The Real Rainbow Row is out this month
In the exisiting canon of Charleston history, LGBTQ people have been largely nonexistent. They have been relegated to the shadows and remained in the silences. Not anymore; (Inset) Author, Harlan Greene.
“To give an accurate description of what has never occurred is not merely the proper occupation of the historian, but the inalienable privilege of any man of parts and culture,” quipped the immensely quotable Oscar Wilde. The Irish poet and playwright, who visited Charleston in 1882 and set the city atwitter with his unfettered flamboyance, shows up in Harlan Greene’s The Real Rainbow Row (Evening Post Books, October 2022), as do any number of notable LGBTQ people who left their mark on the Holy City.
As an accomplished author of award-winning novels and nonfiction, a College of Charleston archivist, and history editor for Charleston magazine, Greene (along with Nic Butler of the Charleston County Public Library) is the go-to for “accurate descriptions” of what has indeed occurred in Charleston’s 350-plus years. I include Wilde’s wisecrack not to suggest that historians like Greene are writing fiction but because the punch line does hold truth: historians, as much by virtue of what they choose not to describe as what they do, exert power and privilege. They actively shape history as they tell it—the silences, the negative space in the picture they create, can be as revealing as what is told. This is the whole point of Greene’s comprehensive, insightful new book. In the existing canon of Charleston history, LGBTQ people have been largely nonexistent. They have been relegated to the shadows and remained in the silences. Not anymore.
In The Real Rainbow Row, Greene takes us on a chronological tour through the Holy City, with a lens toward illuminating that gay, transgender, and nonbinary people, as well as gender fluidity, have been as ever-present and formative as the oyster beds that shape this land the first settlers called Oyster Point. Like long buried secrets, a run-in with oysters obscured by high tides and pluff mud can cause painful, dangerous wounds. By digging through that pluff mud to uncover what has been hidden, Greene not only makes it safer for those traveling this terrain, but also he removes crusty layers of cultural shame to reveal true pearls—people whose contributions to this community have been important and enduring, but whose full humanity has never been included in the story.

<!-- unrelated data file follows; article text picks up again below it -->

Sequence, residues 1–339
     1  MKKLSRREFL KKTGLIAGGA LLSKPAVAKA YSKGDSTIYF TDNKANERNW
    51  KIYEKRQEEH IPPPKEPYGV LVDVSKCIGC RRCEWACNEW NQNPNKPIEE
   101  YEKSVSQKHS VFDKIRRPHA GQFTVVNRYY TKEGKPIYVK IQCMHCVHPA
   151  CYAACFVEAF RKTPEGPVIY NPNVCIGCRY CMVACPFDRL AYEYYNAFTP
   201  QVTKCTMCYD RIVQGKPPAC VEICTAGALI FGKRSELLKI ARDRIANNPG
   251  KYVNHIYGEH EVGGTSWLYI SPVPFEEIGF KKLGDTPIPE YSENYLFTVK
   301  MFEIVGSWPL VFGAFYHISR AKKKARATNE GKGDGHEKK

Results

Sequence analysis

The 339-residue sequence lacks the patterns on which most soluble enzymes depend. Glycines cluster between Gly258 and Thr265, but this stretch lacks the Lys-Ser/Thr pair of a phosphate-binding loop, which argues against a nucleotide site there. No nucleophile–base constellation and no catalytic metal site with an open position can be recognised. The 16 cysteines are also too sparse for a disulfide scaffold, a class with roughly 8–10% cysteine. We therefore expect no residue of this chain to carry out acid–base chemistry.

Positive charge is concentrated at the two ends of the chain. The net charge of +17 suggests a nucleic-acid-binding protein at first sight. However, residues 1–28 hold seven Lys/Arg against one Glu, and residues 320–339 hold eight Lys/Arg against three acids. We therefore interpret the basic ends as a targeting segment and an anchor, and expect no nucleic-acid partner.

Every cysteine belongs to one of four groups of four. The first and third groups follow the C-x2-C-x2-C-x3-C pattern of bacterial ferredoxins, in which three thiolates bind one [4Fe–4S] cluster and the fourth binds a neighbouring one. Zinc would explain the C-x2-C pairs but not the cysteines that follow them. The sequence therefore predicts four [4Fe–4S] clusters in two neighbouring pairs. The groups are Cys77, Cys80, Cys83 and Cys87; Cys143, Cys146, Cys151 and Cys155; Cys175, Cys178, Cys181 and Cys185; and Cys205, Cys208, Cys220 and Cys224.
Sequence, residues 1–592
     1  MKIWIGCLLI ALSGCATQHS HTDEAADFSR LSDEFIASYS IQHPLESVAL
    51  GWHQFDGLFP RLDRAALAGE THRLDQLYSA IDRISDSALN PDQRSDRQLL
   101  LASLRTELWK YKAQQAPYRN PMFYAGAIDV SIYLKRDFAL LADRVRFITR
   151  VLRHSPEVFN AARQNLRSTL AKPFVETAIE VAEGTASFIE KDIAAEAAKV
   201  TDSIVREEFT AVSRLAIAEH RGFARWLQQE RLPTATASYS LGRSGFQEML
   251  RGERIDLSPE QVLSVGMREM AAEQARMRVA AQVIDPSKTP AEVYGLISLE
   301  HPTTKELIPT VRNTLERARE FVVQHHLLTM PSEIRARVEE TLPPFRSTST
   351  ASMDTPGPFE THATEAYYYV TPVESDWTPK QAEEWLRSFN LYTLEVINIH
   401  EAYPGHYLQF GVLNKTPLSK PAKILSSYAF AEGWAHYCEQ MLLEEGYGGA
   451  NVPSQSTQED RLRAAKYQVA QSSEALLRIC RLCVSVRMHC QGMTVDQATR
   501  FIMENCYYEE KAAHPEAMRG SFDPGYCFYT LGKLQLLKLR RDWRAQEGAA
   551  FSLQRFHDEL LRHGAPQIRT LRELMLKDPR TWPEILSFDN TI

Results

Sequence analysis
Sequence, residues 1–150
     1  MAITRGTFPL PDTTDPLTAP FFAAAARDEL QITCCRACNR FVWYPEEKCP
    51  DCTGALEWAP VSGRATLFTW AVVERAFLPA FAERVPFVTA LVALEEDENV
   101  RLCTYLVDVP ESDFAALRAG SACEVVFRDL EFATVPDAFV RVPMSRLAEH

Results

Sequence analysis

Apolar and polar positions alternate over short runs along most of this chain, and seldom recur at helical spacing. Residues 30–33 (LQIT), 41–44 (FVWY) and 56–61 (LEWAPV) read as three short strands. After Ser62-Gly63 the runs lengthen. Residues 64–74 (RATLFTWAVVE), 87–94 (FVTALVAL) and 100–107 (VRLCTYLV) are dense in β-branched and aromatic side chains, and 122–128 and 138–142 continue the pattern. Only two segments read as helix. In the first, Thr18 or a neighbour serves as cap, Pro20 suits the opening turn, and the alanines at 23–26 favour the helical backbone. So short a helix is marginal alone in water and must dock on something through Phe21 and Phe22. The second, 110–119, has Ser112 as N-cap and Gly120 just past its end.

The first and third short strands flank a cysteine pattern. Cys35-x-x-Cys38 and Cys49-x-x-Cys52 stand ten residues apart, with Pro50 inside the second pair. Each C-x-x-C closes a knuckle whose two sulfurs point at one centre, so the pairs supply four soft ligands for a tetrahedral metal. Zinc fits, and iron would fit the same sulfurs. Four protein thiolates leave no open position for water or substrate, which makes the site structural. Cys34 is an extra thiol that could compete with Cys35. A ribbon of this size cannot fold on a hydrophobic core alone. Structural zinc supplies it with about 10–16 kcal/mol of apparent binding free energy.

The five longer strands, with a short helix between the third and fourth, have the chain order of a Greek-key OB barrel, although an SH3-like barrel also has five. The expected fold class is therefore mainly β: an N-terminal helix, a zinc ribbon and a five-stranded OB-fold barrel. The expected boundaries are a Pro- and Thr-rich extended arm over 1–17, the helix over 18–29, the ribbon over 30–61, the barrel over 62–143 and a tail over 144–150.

Greene’s prose moves at a healthy pace, taking us through the earliest days of the Lowcountry’s indigenous people, the colonial era, the Revolution, the Civil War, the civil rights era, and on to the present day, with each chapter introducing fascinating figures. Some are well known, like Alexander Hamilton (who had a “romantic friendship” with South Carolina patriot John Laurens) and others less so, like Ada Agnes Jane McElhenney, aka the “Queen of Bohemia,” a bisexual woman, who in need of money to move away, stole funds from the Ladies Calhoun Memorial Association in 1834, delaying the monument’s erection for years.
I often wonder what it must be like to walk around Charleston with the depth of knowledge that someone like Greene possesses. I imagine he must hear whispers and echoes as he passes by the home of transgender writer Dawn Langley Simmons or the corner of College and Green streets, where from 1946 to 1971 the Book Basement became an intellectual hub and welcoming haven for LGBTQ people, as well as those of all races and backgrounds. Maybe he taps his toes to distant music rising from the long-gone East Cooper juke joints where Shake-a-Plenty delighted Gullah audiences with lively drag shows. Such richness. So many heart-lifting and heartbreaking layers in the sediment of our collective story.
Thankfully we now have a fuller story, one that includes those who dared to embrace their whole selves and those they loved, regardless of how taboo or dangerous it was to do so.
As the openly gay writer James Baldwin once said, “People are trapped in history, and history is trapped in them.” In The Real Rainbow Row, Greene opens the doors. There can be no rainbow without sunlight, and Greene lets that light shine in.